10. The evidence of PWs.1 and 2 is cogent and consistent which clearly brings home the circumstance that deceased went along with accused nos. 2 and 3. In the Test Identification Parade conducted by PW38-Judicial Magistrate, PWs.1 and 2 have also identified accused nos. 2 and 3 which would strengthen the stand of the prosecution.

11. Learned counsel for the appellant raised objection with regard to non- mention of name of accused no.2-Selvaraj in Ext.P1-Complaint and submitted that accused no.3-Nirmal accompanied accused no.2 would throw serious doubts about the credibility of PWs.1 and 2. But from the evidence Ext.P1- complaint we find that PW1 has clearly stated that two persons had come to their house and took the deceased in Maruthi Omni Van. In Ext.P1-Complaint, though PW1 had expressed suspicion about accused nos. 1, 6 and 7, PW1 has clearly expressed his doubts that accused nos. 1, 6 and 7 might have engaged men for abducting the deceased. Such doubts expressed in Ext.P1- Complaint is sufficient incriminating circumstance against the accused nos. 2 and 3. Credibility of PWs.1 and 2 cannot be doubted on the ground of non- mention of name of accused no.2 in Ext.P1-Complaint.

The evidence of PW9 also established that the deceased was last seen alive with accused no.1- Paramasivam in Maruthi Omni Van (TN-23 E 5951) near Kinathukadavu Checkpost. In his evidence, PW9 has stated that after taking petrol for TVS- 50 in a Petrol Pump near the Checkpost while he was proceeding along with PW8-Sivakumar, he saw the deceased along with accused no.1-Paramasivam in Maruthi Omni Van (MO1) and saw the others inside the Van. Since, deceased and accused no.1-Paramasivam were in inimical terms, PW9 wondered as to why accused no.1 and deceased are seen together and he asked PW8-Sivakumar about the same. Though, PW8-Sivakumar turned hostile, evidence of PW9 is trustworthy and we do not find any reason to take a different view.

12. Another circumstances relied upon by the prosecution is evidence of PW15-Subramani (brother of the deceased) that accused no. 1 and another person came to the quarry to see stones. When they were crushing the stones, deceased went with them to see the stones. No doubt evidence of PW15 as to how deceased went with the accused might appear to be slightly different but due to variation of time narrating the events cannot be said in manner the PW15 narrated his statement. We are of the view that evidence of PW15 does not make any dent upon the consistent version of PWs.1 and 2 and the case of prosecution.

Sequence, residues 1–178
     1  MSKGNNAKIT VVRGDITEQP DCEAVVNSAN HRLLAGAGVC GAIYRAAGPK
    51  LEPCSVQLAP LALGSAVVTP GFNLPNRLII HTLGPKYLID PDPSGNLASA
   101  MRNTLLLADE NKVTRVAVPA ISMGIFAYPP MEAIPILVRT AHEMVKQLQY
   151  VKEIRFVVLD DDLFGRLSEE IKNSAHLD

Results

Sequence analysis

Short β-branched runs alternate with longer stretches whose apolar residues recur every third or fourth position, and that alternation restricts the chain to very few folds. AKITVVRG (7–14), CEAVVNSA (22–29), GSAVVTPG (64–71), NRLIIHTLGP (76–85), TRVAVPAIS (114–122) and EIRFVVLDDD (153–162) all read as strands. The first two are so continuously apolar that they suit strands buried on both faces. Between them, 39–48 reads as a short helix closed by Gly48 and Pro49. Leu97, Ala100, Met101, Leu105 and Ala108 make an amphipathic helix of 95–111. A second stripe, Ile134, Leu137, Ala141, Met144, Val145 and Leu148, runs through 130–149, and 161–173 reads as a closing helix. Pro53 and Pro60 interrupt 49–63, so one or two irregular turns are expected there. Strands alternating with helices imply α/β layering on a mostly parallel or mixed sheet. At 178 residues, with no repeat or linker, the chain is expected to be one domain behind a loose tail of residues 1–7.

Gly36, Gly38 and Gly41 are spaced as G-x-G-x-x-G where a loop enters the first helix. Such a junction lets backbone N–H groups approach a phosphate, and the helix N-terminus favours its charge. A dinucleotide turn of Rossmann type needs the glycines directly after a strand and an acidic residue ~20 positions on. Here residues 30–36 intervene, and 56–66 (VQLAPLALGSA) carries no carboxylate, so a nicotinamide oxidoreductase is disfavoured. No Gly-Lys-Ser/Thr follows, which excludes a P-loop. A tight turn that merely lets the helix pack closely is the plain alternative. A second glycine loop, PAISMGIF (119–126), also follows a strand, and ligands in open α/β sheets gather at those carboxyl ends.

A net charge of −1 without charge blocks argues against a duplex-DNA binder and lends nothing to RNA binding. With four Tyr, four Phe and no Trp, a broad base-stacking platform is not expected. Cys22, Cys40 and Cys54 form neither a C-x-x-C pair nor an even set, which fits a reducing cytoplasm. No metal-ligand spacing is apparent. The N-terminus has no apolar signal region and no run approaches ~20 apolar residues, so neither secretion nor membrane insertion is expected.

13. Dr. Perimaladevi-PW33 conducted autopsy and noted the following injuries:

? Crush injury over the front of head and part of brain comes out [liquified].

? Fracture of left arm bone [upper] and left shoulder joint bones.

? Fracture of right upper arm bone and cut off from the shoulder joint.

? Fracture of left leg bones [middle].

? Fracture of right thigh bone and leg bones.

14. Dr. Perimaladevi opined that deceased died of 'shock and haemorrhage' due to multiple injuries and head injuries about 70-80 hours prior to the autopsy. Since identity of the body was not known, body was buried in Thirupur Chellandiamman burial ground. Later at the request of Investigating Officer, body was exhumed in the presence of PW21-Tahsildar. After the body was exhumed, PW34-Dr.Vallinayagam collected the blood for DNA test. Blood samples of PW14-Manickammal and PW15-Subramani (mother and brother of the deceased) were also collected. After conducting DNA test and upon analysis of results of DNA typing for the samples, PW40-Asst. Director gave Ext.P32-Report and opined that "bone pieces etc. described belong to a human male individual". PW40 further opined that "the person Mani alias Paraimani to whom the bone pieces etc. belong is the biological offspring of Ms. A. Manickammal.". Evidence of PW40 would amply establish identity of body recovered from the railway track as that of the deceased Mani alias Parai Mani who is the son of PW14-Manickammal.